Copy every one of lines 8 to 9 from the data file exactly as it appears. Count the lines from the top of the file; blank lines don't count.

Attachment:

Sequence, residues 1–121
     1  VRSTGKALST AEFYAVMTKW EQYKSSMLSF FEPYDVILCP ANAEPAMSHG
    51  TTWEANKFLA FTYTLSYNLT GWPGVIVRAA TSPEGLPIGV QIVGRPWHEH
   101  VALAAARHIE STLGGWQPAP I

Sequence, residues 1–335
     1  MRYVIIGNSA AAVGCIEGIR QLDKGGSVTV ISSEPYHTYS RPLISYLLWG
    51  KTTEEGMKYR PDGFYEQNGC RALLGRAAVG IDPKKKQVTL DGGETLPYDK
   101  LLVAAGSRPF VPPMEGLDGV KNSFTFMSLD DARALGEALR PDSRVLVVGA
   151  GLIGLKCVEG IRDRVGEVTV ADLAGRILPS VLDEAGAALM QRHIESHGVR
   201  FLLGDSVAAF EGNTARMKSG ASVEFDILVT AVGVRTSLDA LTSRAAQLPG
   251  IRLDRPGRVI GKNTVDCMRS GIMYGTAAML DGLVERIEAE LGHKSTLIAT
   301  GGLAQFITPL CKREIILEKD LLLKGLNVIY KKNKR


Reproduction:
   101  LLVAAGSRPF VPPMEGLDGV KNSFTFMSLD DARALGEALR PDSRVLVVGA
   151  GLIGLKCVEG IRDRVGEVTV ADLAGRILPS VLDEAGAALM QRHIESHGVR